DHS cloud migration faced initial training hurdle

The department is more concerned with security, network monitoring and application management than it is with which cloud it uses, said the Information Sharing & Services Office's executive director.
U.S. Customs and Border Protection Acting Commissioner Kevin K. McAleenan addresses the media during a press conference about trade and travel matters at John F. Kennedy International Airport, New York City, Feb. 13, 2018. U.S. Customs and Border Protection photo

The Department of Homeland Security has learned a few things about cloud migration, and it’s applying those lessons as it considers which of its 650 systems to move next.

As DHS began migrating to the cloud, the Information Sharing & Services Office quickly found security staff had reservations, and network staff was arranging the infrastructure physically rather than virtually, said Donna Roy, executive director of ISSO.

“I realized that my group had gone too far ahead,” Roy said at a FedInsider event Tuesday.

So DHS provided three rounds of cloud awareness training: first to all employees, then to those performing the migration and finally to any who needed to be certified in their procurement roles.


“If your workforce doesn’t understand [cloud] across the board, buying-as-a-service is not easy, and computing-as-a-service is not easy,” said Zain Ahmed, a general manager at tech company CenturyLink.

Of the operating components for DHS’s hybrid, multi-cloud environment, three are getting the most attention, Roy said. Security, network monitoring and application management all must be consistent, she said.

“Because when a [Transportation Security Administration] system connects to a [Customs & Border Protection] system — and they meet each other and one goes down — we don’t want to know which cloud it’s in; we want to know how to get it back up, what’s the mean time to recover and how do we keep people moving at the airport,” Roy said.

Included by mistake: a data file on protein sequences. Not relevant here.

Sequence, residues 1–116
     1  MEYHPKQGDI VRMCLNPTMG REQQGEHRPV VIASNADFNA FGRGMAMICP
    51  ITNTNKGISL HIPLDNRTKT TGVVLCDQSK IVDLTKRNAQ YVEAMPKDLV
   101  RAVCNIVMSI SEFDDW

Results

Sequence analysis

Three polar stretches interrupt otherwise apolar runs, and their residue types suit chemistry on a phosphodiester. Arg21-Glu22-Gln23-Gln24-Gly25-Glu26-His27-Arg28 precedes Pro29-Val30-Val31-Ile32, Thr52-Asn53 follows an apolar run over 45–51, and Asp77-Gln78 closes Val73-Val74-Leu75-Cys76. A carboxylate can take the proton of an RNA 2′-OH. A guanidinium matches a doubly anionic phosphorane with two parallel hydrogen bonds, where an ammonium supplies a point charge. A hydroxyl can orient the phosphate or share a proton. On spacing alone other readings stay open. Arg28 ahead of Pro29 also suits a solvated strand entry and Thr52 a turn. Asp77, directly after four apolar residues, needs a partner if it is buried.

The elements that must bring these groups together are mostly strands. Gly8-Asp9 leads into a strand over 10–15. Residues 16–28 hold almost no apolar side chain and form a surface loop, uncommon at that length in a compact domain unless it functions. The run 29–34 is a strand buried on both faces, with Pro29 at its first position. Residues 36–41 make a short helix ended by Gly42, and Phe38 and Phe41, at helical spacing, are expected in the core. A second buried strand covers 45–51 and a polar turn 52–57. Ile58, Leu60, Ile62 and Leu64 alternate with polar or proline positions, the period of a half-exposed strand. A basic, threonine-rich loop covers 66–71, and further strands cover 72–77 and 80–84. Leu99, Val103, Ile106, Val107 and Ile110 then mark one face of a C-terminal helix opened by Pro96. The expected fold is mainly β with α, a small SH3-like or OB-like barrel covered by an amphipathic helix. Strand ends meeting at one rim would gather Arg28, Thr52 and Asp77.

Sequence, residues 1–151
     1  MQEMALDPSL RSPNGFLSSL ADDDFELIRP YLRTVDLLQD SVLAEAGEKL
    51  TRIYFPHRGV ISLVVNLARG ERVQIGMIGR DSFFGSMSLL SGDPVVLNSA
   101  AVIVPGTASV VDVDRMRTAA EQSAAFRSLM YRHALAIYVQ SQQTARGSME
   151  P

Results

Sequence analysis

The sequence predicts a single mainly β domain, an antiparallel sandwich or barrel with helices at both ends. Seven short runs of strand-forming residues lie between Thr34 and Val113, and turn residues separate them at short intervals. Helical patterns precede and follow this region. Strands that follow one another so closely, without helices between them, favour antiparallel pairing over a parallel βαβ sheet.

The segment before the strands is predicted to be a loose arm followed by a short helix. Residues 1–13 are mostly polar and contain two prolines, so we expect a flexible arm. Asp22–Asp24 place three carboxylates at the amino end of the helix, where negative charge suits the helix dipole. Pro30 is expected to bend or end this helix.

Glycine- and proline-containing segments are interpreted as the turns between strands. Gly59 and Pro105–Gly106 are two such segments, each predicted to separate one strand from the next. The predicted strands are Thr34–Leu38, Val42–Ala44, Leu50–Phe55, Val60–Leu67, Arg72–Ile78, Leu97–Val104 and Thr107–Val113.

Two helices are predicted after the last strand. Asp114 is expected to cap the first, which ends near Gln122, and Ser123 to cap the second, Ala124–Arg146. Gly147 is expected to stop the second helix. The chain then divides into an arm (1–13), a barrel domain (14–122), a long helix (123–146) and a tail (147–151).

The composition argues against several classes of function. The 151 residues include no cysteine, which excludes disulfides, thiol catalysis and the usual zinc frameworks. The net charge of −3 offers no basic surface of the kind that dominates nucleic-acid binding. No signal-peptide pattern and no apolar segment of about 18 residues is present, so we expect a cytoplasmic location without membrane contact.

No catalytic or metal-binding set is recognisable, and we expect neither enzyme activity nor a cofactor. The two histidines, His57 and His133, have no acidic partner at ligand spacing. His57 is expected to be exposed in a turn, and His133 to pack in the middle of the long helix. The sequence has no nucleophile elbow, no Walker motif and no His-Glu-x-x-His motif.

Network monitoring is critical because DHS does business in about 200 countries with 60,000 first responders and 800,000 police officers. If even a small connection is severed, traffic flow in and out of the cloud could stop, Roy said.

Similarly application management is important because, if done right, it leads to “self-healing infrastructure” that fixes security issues on devices before users even detect them, she added.


DHS’s chief information officer, who oversees ISSO, doesn’t embark on any new cloud endeavor without consulting the department’s chief data officer, Roy said.

“If I were to start a greenfield, I would take the approach of understanding where the data should be first and creating a cloud strategy on that,” she said.

Once that’s done, the department or agency can turn its attention to identity management — how it authenticates uses and whether they will operate inside or outside the cloud. DHS’s identity management approach drives all cloud migration capabilities, Roy said.

The department is able to track the cost of operating in the cloud over time, the time it takes to migrate apps to the cloud and the effectiveness of network and storage computing.

“We’re consistently following a cohort of professionals, who are architects and security engineers, who we are hoping to make much more productive,” Roy said. “We’re setting a baseline for how much it costs to move a capability into cloud, how much it costs to operate that and what the optimized cost is.”


DHS issued a request for information on data center consolidation and cloud migration at its headquarters, and so far there have been 105 responses, Roy said.

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